Oct. 15, 2020, 4:30 p.m.–Oct. 15, 2020, 5 p.m.
in Enterprise Jupyter Infrastructure
NotebookOps: A pattern for building notebook-centric data platforms
- Audience level:
In 2018, Netflix and PayPal wrote about how they set up powerful data platforms centered around Jupyter notebooks. This talk will look at the open-source components required for building such data platforms, illustrate how they all tie together, and reflect on some learnings from setting up a notebook-centric data platform at one of India's largest online grocery delivery companies.
Over the past few years, we've seen large organizations adopt Jupyter at scale to set up their internal DIY ("do it yourself") analytics notebook infrastructure. In 2018, Netflix and PayPal wrote about how they set up powerful data platforms centered around Jupyter notebooks to fuel experimentation and innovation at scale. In this talk, we'll look at the components required for building a notebook-centric data platform along with all the open-source tools involved, understand how the components tie together, and reflect on some learnings from setting up such a platform at one of India's largest online grocery delivery companies.
This talk is aimed at data engineers but it's also relevant to data analysts and data scientists. Basic knowledge of Python, Jupyter notebooks and the Jupyter ecosystem will be useful, but not required. After this talk, the audience will have an understanding of the open-source components that can help them build notebook-centric data platforms.
- The enterprise notebook infrastructure trend
- Large scale adoption of Jupyter inside organizations
- How Netflix put notebooks at the core of their data platforms in 2018
- Experience building this at Grofers, one of India's largest online grocery services
- Talk briefly about how it was all set up before (a single JupyterLab server, other standalone servers)
- Highlight individual components of a notebook-centric data platform, and then dive into each component
- Component 1: A multi-user notebook environment
- "Where do I run my notebook? Help! I need more resources!"
- JupyterHub: A Multi-user version of JupyterLab designed for large user groups
- The setup on Kubernetes, each JupyterLab server launches as a Kubernetes pod
- Pre-building different environments for different types of users / use-cases, different kernels and packages
- Letting users select the cpu and memory for their environment
- The setup with a home directory for each user on a network file system for persistence (for example: AWS EFS)
- "I need some data from a table in some database. How do I get it?"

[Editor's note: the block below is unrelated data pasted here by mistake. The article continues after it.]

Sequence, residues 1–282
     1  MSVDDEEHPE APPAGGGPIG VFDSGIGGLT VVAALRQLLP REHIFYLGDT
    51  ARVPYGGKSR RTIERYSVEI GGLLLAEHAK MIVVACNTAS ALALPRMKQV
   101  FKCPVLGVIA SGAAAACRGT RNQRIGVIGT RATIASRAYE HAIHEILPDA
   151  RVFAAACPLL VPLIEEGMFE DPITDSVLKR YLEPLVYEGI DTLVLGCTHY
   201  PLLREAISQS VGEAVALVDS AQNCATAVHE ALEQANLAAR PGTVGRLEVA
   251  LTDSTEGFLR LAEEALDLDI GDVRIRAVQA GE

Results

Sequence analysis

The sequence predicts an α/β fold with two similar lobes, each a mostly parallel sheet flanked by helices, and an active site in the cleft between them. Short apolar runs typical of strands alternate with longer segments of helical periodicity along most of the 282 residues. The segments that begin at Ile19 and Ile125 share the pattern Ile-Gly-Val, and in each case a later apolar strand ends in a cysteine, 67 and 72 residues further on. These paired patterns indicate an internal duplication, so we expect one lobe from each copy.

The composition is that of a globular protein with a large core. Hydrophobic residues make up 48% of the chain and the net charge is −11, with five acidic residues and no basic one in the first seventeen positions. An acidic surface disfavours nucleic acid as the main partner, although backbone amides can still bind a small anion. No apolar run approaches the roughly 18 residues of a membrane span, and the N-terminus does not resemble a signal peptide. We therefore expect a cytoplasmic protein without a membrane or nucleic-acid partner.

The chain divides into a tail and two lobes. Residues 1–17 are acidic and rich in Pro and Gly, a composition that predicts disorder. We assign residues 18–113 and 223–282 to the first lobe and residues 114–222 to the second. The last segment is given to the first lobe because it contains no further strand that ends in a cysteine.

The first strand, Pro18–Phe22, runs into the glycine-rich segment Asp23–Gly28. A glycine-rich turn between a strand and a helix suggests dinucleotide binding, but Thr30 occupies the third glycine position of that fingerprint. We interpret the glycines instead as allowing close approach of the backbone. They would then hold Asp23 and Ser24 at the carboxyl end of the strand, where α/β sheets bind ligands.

- Tools that can be built to let users access data from various systems and databases in the organization
- Fetching credentials from a database or secret store, maintained by the data platform team (for example: Vault)
- Building libraries or magics that let users run queries by just specifying a unique id for the target system
- Component 2: A notebook scheduling environment
- "How do I schedule my notebook to send out a report every day?"
- "How do I train this model on new data every day?"
- What are Airflow and papermill?
- The concept of DAGs, Airflow as a notebook scheduler
- Airflow macros as input parameters to papermill
- Parameterized notebook execution using the PapermillOperator
- The setup on Kubernetes with KubernetesExecutor, each notebook launches as a Kubernetes pod
- Running notebooks in the same environment they were written in, with the same kernels and packages
- Re-using JupyterHub environment information: cpu, memory and docker image selected by the user
- Running multiple notebooks sequentially or parallelly
- "My notebook job failed. How do I look at the error?"
- Writing notebook outputs to S3 using papermill
- Run Commuter on S3 bucket
- Send relevant info and tag people on alert channels
- Component 3: A collaboration tool
- "I need someone to review my notebook before we can merge and deploy it!"
- Using GitHub for notebook projects
- Issues and pull requests for notebook reviews
- Building tools around git and the GitHub API to automate common tasks
- Cloning and opening existing notebook projects on JupyterHub
- How notebooks in GitHub repos can act as immutable input to Airflow
- CLI tool to schedule notebooks directly from JupyterHub
- How GitHub enables continuous deployment for notebook projects and how to use that to your advantage
- Learnings and improvements
- Removing accidental complexity
- Not force pushing software tools (for example: git) on a data team and expect them to pick them up quickly
- Give users single-click solutions, automate common tasks like pushing a notebook to GitHub / scheduling a notebook on Airflow
- Actively monitoring the whole system using Prometheus and Grafana
The 2018 blog posts by Netflix and PayPal: